The injection of the oxygen containing gas at the top of gasifier 11 serves to raise the temperature of the hot char to such an extent as to insure that all the CO2 contained in the flue gas injected into gasifier 11 is fully reduced to CO. The injection of the oxygen containing gas towards the bottom of gasifier 11 serves to consume the carbon in the char to produce a low Btu gas (lean gas) and at the same time melt the ash contained in the char into a molten slag that flows through spool 23 and into quencher 24 and thence through lockhopper 25. The solidified slag is then discharged into the atmosphere. Spool 23 which is common for the flow of the molten slag and for the flow of the hot lean gas insures the prevention of the slag from freezing at the bottom of gasifier 11 by virtue of the elevated temperature of the lean gas being above the melting point of the slag. The lean gas, after emerging from gasifier 11, is directed to cleanup vessel 31 via pipe 58; it emerges as clean gas devoid of sulfur from port 59 of vessel 31 and is then directed by means of pipe 60 to temperature moderator 39 prior to entering at the bottom of reactor 37 for conversion to cyanogen (C2N2) which is represented by reaction #4.
6N2+2CO(reaction #3)+10CO(reactions(#2i) and (#2ii))→6C2N2+6O2  (4)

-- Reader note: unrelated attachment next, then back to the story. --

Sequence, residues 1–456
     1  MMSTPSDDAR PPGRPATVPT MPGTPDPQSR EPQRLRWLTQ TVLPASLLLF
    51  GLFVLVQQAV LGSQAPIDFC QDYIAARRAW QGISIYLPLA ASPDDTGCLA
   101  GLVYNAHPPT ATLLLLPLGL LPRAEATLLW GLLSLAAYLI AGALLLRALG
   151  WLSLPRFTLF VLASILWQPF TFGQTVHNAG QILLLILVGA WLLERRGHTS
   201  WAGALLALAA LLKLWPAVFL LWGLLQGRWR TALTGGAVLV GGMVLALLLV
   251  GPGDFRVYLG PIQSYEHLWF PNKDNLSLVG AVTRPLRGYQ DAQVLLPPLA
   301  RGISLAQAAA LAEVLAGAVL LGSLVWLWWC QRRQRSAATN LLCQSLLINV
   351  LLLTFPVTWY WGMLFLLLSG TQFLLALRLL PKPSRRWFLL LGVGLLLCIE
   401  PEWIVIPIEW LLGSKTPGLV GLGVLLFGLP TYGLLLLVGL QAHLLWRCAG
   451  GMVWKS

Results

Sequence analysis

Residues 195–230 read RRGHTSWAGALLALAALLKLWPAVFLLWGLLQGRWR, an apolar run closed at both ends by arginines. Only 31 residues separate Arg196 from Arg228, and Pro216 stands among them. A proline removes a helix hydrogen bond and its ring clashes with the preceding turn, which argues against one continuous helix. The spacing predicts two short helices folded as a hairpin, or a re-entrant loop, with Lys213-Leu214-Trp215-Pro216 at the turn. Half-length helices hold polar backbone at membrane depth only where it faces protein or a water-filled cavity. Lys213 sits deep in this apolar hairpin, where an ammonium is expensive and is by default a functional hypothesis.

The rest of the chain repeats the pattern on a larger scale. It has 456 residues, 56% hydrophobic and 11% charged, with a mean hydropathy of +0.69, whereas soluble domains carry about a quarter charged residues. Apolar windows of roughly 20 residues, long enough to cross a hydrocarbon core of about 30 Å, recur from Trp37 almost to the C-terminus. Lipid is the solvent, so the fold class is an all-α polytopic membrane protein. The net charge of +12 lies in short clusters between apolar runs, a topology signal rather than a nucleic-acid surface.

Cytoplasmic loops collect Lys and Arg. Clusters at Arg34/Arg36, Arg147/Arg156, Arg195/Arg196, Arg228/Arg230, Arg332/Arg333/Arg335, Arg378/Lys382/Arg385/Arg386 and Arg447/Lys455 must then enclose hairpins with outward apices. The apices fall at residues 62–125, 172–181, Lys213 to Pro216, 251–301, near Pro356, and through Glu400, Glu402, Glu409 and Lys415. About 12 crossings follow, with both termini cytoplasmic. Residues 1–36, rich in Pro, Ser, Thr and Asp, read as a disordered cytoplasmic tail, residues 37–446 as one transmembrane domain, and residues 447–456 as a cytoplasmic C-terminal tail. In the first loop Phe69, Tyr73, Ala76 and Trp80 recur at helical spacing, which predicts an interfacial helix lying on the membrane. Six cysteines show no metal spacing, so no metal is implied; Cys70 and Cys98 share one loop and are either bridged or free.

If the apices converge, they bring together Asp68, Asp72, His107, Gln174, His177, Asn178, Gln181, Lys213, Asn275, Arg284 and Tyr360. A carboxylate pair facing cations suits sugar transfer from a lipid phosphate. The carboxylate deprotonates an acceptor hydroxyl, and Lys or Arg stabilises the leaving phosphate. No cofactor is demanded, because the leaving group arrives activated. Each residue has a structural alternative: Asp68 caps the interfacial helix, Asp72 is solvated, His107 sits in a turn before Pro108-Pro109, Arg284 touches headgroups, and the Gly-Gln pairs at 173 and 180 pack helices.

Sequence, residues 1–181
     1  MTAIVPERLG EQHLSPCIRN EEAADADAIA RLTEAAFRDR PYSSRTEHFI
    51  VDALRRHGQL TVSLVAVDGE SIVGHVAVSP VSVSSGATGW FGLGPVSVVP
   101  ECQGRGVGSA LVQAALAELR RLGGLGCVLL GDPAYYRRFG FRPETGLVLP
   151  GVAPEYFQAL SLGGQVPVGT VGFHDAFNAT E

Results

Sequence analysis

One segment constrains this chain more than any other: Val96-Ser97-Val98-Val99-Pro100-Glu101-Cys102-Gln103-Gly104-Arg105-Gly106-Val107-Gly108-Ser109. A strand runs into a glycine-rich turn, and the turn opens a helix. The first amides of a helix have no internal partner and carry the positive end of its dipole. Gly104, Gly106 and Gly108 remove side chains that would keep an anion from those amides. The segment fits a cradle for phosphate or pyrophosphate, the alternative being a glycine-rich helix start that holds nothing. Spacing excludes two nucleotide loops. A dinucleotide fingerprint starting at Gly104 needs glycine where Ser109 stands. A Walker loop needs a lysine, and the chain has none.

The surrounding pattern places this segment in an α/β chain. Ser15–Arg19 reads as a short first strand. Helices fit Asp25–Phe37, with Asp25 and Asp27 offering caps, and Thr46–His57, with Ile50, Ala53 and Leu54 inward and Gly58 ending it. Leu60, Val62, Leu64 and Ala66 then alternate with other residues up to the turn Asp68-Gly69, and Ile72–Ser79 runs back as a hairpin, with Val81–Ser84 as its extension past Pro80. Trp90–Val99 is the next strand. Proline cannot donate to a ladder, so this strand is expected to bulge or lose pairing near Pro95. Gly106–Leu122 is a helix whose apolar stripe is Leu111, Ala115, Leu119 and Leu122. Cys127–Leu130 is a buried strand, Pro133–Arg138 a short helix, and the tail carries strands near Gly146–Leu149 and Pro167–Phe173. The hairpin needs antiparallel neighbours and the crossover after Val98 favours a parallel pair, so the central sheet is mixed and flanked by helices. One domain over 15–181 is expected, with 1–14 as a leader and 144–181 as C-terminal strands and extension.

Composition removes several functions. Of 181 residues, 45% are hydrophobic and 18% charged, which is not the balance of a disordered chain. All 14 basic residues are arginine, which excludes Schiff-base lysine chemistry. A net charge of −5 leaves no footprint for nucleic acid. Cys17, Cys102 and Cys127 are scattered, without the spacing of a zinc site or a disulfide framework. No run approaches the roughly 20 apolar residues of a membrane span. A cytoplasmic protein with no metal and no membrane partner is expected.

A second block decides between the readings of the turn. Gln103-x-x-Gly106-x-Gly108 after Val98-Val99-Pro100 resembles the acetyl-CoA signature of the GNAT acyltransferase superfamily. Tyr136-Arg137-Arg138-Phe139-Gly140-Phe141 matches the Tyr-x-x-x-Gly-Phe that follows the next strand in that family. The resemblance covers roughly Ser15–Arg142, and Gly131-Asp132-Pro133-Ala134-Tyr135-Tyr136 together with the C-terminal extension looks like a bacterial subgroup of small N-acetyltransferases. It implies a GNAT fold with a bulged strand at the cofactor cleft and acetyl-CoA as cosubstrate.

In order to prevent the 6 O2 from oxidizing the 6 C2N2, the temperature in cyanogen reactor 37 is maintained below the ignition point of C2N2. The six (6) moles of C2N2 and the six (6) moles of O2 are directed from the top of reactor 37 via pipe 61, to chiller/liquefier 40 in order to liquefy the C2N2. The C2N2 leaves chiller/liquefier 40 as a liquid together with the O2 as a gas in order to efficiently achieve separation in separator 41 with pipe 62 interconnecting chiller/liquefier 40 to separator 41. As the O2 gas leaves separator 41 via pipe 63, its pressure is increased by means of booster compressor 64 for appropriate delivery. Since six (6) moles of O2 are generated in reaction #4, the 6 O2 moles are preferably divided as follows: One (1) O2 mole is delivered to the devolatilizer at point 52, two (2) O2 moles to the top of gasifier 11 at point 27, and three (3) O2 moles towards 5 the bottom of gasifier 11 at point 29 for every six (6) moles of C2N2.